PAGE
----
COVID-19 phishing emails have been bombarding inboxes since the virus began to spread in December and January. Cybercriminals have tried to push all kinds of scams to the masses using coronavirus-related topics, headers and organizations to get people to open malicious emails, files, or links.
Complaints about phishing attacks have tripled since the concerns about COVID-19 became widespread, according to the FBI’s Internet Crime Complaint Center.
Cybersecurity company INKY pored through the months of coronavirus-themed phishing emails and compiled a report on where most of them were coming from, finding that the majority of IP addresses found in email headers originated from the United States.
Dave Baggett, CEO of INKY, acknowledged that these IP addresses might be easily spoofed by more skilled attackers but explained that there were a number of reasons most attackers would be in the US.
“The majority of our users are American. Phishers prefer to target victims within their own geography because it’s easier to research and impersonate since it’s the same culture and language,” he said in an email interview, adding that non-American attackers may also want to spoof a US origin to evade geographical filters.
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The report does an in-depth examination of 34 phishing email templates that the company has seen over the past few months in its work protecting clients. INKY researchers found that in addition to the majority of IP addresses being sourced from the US, 44% came from North America. Another 26% came from Europe and 18% from Asia, while most attacks involved malicious links or attachments.
The cybercriminals behind these attacks made an effort to impersonate as many different people or entities as possible. INKY caught emails purporting to come from government agencies like the CDC or WHO as well as major brands, insurance companies and even a person’s employer.
“Scammers are creating campaigns relating to bonus reports, COVID-19 disaster relief, pandemic food distribution, office shut downs, FedEx packages, quarantine protocols, and even information from the World Health Organization (WHO) and the White House,” Baggett wrote in a blog post about the report.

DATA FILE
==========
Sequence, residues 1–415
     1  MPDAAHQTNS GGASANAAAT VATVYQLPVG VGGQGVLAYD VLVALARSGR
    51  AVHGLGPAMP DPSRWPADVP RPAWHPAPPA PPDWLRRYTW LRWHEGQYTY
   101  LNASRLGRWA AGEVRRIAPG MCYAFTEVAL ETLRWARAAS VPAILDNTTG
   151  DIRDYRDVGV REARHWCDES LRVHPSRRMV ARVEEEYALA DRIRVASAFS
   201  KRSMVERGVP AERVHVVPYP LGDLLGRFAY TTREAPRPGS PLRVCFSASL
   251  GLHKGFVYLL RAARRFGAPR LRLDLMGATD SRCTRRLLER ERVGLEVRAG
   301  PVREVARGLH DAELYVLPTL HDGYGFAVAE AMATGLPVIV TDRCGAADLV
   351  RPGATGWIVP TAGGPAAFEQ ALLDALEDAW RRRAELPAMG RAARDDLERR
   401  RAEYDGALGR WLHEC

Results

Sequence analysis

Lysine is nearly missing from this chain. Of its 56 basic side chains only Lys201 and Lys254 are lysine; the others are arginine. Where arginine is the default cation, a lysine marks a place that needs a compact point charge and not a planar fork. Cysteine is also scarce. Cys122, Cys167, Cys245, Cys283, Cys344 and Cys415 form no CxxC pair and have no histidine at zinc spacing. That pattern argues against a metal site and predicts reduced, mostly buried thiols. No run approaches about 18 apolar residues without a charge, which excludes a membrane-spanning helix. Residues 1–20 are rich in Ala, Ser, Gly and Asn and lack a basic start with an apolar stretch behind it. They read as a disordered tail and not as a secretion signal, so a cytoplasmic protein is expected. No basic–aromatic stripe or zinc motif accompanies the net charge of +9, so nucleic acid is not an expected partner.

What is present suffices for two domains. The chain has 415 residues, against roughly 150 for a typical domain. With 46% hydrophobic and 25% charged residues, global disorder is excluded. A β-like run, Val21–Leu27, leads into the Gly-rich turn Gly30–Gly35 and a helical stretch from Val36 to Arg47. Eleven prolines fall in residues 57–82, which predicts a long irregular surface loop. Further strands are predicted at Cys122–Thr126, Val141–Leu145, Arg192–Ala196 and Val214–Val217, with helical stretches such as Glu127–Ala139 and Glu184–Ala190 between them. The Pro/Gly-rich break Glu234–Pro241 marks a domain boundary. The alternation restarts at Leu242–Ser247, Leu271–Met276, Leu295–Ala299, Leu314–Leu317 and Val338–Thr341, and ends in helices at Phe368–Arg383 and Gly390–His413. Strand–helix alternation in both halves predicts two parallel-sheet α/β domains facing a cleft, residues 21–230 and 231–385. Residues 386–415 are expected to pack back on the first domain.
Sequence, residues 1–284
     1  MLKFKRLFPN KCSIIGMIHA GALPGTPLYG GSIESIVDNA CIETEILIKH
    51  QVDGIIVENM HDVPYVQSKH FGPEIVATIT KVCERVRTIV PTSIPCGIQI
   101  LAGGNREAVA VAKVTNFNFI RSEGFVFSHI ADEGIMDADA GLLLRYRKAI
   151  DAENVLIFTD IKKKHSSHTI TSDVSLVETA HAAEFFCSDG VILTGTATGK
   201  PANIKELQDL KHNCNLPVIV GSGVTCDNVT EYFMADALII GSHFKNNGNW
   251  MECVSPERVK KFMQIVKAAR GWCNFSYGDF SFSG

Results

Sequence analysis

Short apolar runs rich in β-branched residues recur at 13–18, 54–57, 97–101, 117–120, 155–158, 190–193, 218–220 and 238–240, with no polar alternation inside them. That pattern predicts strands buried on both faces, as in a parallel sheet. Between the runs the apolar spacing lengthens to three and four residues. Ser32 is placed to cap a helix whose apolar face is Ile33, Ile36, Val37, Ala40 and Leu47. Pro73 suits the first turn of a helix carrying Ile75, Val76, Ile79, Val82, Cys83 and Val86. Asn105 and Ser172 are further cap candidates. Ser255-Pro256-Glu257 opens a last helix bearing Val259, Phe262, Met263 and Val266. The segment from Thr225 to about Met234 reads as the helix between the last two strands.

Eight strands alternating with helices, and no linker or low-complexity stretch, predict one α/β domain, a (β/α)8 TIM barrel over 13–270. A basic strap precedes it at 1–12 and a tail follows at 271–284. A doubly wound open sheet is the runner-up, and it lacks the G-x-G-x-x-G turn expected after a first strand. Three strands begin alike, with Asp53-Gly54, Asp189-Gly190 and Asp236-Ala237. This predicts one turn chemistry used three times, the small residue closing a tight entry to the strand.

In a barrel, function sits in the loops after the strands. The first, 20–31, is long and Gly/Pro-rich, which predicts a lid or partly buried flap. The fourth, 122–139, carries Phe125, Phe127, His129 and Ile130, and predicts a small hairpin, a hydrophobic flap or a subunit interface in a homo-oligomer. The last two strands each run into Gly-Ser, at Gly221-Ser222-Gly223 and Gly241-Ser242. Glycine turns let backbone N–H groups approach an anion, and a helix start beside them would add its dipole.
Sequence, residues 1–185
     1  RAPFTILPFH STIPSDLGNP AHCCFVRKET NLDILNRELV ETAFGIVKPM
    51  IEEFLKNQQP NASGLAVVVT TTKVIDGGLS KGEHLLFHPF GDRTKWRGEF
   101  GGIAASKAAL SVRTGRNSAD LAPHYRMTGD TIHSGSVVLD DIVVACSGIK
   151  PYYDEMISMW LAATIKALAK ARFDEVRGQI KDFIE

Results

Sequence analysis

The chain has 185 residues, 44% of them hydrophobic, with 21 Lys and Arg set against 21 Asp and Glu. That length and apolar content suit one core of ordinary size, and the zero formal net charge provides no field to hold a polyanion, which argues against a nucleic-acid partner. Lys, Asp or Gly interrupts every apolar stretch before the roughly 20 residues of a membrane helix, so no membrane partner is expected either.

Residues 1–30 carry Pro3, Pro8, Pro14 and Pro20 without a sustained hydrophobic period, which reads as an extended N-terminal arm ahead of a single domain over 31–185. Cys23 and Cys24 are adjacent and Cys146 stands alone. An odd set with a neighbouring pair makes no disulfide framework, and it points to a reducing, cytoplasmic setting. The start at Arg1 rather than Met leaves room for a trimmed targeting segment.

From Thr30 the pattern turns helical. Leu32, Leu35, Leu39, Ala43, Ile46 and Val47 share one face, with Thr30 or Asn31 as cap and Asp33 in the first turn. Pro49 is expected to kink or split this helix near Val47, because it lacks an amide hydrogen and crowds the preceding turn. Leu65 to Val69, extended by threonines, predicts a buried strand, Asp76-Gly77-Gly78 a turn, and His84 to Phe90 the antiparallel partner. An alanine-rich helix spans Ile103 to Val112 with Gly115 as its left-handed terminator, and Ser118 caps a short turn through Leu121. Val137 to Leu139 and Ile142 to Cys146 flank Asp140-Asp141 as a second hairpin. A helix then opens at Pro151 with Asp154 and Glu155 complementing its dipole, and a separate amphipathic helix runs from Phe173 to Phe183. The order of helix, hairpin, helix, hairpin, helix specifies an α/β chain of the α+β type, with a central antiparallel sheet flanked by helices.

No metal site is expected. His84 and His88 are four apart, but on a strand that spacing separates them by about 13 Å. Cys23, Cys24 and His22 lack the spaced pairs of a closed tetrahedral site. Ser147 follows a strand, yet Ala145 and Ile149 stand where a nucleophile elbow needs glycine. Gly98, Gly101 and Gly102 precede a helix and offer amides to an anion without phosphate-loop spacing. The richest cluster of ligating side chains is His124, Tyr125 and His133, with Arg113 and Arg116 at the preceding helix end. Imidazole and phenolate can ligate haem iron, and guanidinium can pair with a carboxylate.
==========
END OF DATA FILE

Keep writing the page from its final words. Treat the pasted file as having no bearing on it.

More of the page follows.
The report includes snapshots of dozens of emails that look real with accents to make them look legitimate. Some of the emails look like they contain legitimate information from government organizations about how people can protect themselves from COVID-19 while others look like financial payments for small businesses from the CARES Act.
One email includes legitimate information about a company’s telework policies and others are filled with potentially useful information about COVID-19 that are signed by the White House and President Donald Trump.
Baggett noted that some of the most worrying new trends with phishing emails were those that came with real company logos, trademarks, copyrights, and HTML/CSS. The report includes multiple emails made to look almost identical to legitimate emails from insurance companies like Humana and Cigna asking people to click a link for more information about changes to their healthcare plans.
There are even emails made to look like they come from event speakers who had to cancel their appearance because of the virus a well as others that come with voice messages attached and fake emails that look like they come from an employer’s IT department.
“It is very easy to execute an attack of this nature. Anyone can use bitcoin to buy a cheap confusable domain and hosting to launch an attack. Some of the new trends are malicious HTM or HTML attachments that build credential harvesting sites on a victim’s local network. Bad actors get stolen credentials directly emailed to them if the victim uses it. We have also observed dynamic algorithms that impersonate the recipient’s domain in a phishing email,” Baggett wrote.
“In 2019, the IC3 received a total of 467,361 complaints with reported losses exceeding $3.5 billion and the main culprit driving these numbers was phishing.4 Imagine what 2020 will hold if the number of complaints is already tripling.”
Baggett suggested everyone use verbal confirmation for any and all financial requests. People should avoid using links directly in emails and instead should type the link in a browser. “If a link has to be used, hover over it to ensure it’s not misleading. Beware of unfamiliar attachments types like SLK, IMG, RAR,” he added.